Eczema - It's just something I live with
Monday 31st March
Tom Branwell, a planning enforcement officer from south London, has had eczema all his life. Here he talks to benenden health about managing his condition.
Atopic eczema, also called atopic dermatitis, is a condition that inflames the skin, causing itchiness, dryness and redness. It affects between two and five percent of the population, and one in ten children. Along with related conditions such as asthma and hay fever, it can run in families, and generally improves with age.
Tom Branwell, now 34, was diagnosed with both eczema and asthma a baby and seldom experiences any issues with his breathing these days. “It's just something I've lived with and it's varied throughout the course of my life,” he explains. “The asthma was quite bad as a child and then it more or less went away. It came back a bit in my mid twenties for two years and then it tailed off, but there are certain things that can trigger it.”
One of the triggers are cats, says Tom, but thankfully his asthma hasn't been an issue in recent years. “It can still be set off again from time to time but not in any serious way. I do have an inhaler but I don't actually carry it with me all the time. I haven't needed to use it for a long time.”
The eczema, however, is an ongoing problem. “It's just one of those things. I got it first as a kid, on the back of my knees and on my elbows, but that cleared up. Then it appeared on my hands, when I was about 14, and it's never really gone away properly.”
He manages his eczema by keeping his hands moisturised, with gentle products such as Neutrogena and Vaseline, and by avoiding soap and other harsh products that could aggravate his skin. Currently he favours a chemical-free Sanex body wash.
“Sometimes it's good, sometimes it's bad, but it's always there and it's just something that I try to manage. Certain things can irritate it – using the wrong kind of soap, or dust, chemicals, that sort of thing. They make it more painful, but that might be partly because it's inflamed already.”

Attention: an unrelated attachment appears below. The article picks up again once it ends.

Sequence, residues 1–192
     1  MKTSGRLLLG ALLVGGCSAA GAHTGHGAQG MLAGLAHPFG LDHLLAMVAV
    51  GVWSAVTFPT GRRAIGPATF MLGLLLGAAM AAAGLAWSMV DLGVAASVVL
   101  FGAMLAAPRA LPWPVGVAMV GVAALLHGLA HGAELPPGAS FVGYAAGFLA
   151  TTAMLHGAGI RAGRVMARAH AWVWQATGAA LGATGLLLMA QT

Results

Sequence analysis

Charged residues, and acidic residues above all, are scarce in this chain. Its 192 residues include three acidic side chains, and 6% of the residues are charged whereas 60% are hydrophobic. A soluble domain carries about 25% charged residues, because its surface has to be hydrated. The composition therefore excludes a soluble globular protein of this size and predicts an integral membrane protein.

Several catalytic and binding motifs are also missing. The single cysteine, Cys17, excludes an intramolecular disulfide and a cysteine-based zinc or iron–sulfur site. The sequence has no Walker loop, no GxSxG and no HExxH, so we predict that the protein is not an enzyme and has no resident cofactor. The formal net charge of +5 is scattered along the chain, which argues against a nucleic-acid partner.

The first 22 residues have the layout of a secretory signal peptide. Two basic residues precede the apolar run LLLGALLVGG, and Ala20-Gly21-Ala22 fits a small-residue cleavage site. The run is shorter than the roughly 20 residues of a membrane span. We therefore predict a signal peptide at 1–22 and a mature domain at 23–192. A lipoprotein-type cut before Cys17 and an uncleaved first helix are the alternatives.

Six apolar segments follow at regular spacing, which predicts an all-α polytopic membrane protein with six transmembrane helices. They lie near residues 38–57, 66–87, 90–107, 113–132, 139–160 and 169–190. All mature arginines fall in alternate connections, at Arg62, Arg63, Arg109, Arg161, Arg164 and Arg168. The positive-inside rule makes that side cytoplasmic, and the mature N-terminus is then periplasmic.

When his eczema is particularly bad, he'll use a steroid cream. “But only when it really flares up. I don't want to use it too much, as long-term use obviously isn't going to be good for your skin.”
Recently Tom was offered a skin-prick test, as part of a one-off health promotion run by Allergy UK, in a bid to identify what he is most sensitive to. “Certain things came up, like house dust mites for example, and that certainly makes sense, because being in a dusty environment can certainly make it a lot worse.”
The results also flagged birch, hazel, and grass, which resonated with Tom, who admits to also getting mild hay fever. “The thing is it comes and it goes, so I hadn't thought about grass, for example, making it worse before. But it probably does have an effect – it's probably one of the things that sets it off.”
Once you have eczema, it's unlikely to go away completely, unfortunately, but there are certainly ways of minimising its impact. Tom has found the information on the Allergy UK website extremely helpful in this respect.
“It's just a day-to-day inconvenience, a hassle, that's all,” he says. “It's something that I deal with. It's inconvenient, but it doesn't stop me doing anything – and at the moment it's not too bad.”
For information about eczema and other allergies, what causes them and how to minimise their impact, visit the Allergy UK website. You can also call the Allergy UK helpline on 01332 619898.
Members of benenden health can call the 24-hour GP advice line to talk to a doctor about any health concerns they may have.